• There’s only one Wheel, a giant 2,400-lb. wheel that has been used the entire span of the show. When the show goes on the road, the Wheel is dismantled and reassembled at the new location. More than a million pounds of equipment are transported with the crew when traveling.
• The puzzle board, however, has undergone some changes. In the early years, the taping of the show took nearly an hour for a 30-minute program. It was a time-consuming process to have the board manually set up for each puzzle, about 10 minutes per puzzle. In 1997, the old board was replaced with a new electronic one with 52 touch screens, enabling the puzzles to be reset with the click of a computer mouse. Taping time was cut nearly in half.
• An entire season of “Wheel” is shot in less than 40 days. The crew works one day a week, filming 5 or 6 shows per day.
• The show receives upwards of 10,000 contestant applications a year, but just 600 land a spot. The “Wheel” has some pretty strict rules for being chosen as a contestant. Anyone who has appeared on any version of the show, including Teen Week, is excluded. Those who have appeared on any game/reality show in the last year or on any three shows in 10 years are barred. Naturally, any relative or employee of anyone with the remotest connection to the show is ineligible.
• Who comes up with those clever puzzles? There’s a whole crew who helps out, but surprisingly, crossword puzzle fan Vanna loves to compose them as well and her puzzles are used on a regular basis.
• Until 1988, contestants were not given the letters R, S, T L, N, and E in the bonus round. That’s the year those letters became automatic, and players now select three more consonants and one more vowel.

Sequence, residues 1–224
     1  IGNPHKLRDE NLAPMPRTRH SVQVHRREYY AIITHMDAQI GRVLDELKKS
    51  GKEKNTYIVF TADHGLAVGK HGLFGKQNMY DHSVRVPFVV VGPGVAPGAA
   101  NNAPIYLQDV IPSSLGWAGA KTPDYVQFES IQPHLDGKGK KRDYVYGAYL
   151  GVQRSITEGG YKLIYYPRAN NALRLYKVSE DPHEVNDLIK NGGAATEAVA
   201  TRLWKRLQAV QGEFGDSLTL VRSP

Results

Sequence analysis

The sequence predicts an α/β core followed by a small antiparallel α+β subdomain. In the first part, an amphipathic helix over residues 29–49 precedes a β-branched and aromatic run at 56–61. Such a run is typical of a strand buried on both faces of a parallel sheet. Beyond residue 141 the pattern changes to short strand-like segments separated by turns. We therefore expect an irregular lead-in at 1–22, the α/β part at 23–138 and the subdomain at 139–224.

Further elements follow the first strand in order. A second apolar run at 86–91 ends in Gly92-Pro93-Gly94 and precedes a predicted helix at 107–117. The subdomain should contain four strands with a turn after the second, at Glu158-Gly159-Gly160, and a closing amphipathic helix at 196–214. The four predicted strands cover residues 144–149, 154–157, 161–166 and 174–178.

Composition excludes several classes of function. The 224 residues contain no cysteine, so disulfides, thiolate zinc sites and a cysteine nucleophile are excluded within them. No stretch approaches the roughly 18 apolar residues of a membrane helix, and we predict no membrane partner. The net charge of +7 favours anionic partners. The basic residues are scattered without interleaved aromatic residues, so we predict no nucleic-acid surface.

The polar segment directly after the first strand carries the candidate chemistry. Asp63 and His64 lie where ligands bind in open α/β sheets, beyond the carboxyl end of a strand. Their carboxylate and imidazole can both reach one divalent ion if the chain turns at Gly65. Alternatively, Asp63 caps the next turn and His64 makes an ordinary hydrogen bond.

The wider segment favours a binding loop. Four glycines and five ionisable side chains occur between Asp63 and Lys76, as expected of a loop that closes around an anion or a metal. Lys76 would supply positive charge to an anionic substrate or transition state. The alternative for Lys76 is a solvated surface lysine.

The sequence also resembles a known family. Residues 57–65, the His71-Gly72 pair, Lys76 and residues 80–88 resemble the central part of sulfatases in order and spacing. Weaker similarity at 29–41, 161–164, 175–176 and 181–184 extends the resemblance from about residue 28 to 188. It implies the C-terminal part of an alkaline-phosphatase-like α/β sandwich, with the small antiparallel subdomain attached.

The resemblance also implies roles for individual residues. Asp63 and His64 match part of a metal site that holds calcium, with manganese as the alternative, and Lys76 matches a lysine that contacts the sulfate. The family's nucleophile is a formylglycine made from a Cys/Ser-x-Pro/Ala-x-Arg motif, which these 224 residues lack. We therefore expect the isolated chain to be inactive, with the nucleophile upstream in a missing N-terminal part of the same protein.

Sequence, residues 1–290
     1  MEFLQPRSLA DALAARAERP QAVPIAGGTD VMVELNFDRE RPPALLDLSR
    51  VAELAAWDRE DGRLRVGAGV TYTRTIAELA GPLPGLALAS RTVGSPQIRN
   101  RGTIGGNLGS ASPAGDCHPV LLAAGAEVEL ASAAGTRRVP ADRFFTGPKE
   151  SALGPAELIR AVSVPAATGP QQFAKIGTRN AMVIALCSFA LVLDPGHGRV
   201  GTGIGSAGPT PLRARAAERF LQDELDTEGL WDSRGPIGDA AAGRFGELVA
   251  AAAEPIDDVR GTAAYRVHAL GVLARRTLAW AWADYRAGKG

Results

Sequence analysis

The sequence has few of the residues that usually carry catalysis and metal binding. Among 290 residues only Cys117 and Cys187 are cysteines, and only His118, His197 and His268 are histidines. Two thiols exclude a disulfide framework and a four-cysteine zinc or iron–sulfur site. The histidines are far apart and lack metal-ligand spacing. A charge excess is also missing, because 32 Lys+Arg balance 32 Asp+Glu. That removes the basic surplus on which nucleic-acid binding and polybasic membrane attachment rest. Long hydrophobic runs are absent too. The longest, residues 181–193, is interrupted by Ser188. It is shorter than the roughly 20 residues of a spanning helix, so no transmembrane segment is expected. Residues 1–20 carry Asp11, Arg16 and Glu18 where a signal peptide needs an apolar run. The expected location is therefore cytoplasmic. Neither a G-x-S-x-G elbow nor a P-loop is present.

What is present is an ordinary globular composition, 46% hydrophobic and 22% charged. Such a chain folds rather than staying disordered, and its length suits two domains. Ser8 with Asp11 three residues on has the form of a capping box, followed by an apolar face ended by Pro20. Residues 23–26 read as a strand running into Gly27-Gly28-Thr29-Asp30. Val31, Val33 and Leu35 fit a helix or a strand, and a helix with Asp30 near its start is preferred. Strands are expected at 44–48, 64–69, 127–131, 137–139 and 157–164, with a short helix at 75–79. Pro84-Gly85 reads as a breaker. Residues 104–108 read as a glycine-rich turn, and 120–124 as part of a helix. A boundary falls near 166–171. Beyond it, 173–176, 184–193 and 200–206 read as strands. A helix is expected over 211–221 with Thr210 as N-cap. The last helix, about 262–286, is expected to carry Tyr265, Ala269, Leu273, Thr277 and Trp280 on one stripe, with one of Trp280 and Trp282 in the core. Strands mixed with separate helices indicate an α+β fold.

• How does Pat Sajak quickly tell contestants if their guessed letter appears in the puzzle? There is a screen off-camera that feeds Pat the info on the chosen letters. That screen hasn’t always been there, however. In the “old days,” there were assistants called “finger boys,” who stood in Pat’s line of vision and held up fingers to give Pat the number.
• Vanna White holds an unusual Guinness World Record, one that will most likely always be held by her. Vanna is “Television’s Most Frequent Clapper,” since she applauds contestants an average of 600 times per episode.
• The million-dollar wedge was introduced in 2008. That year, the first to win the million was Michelle Loewenstein, who won on 08/08/08. She solved the final puzzle with LEAKY FAUCET. It took almost five years until the next lucky million-dollar winner, Autumn Erhard, who solved the puzzle, TOUGH WORKOUT, with only four letters on the board. There have only been three million-dollar winners since the wedge’s inception.
• In the last 20 years, the show has given away an average of $46,000 – $50,000 in cash and prizes per show. But just how much do the contestants keep? Players pay taxes on both cash and travel. A contestant in 2016 won $16,400 in cash along with two trips, a grand total of about $31,700. He did take two beautiful vacations, but by the time he paid his taxes, actual cash earnings were about $6,000.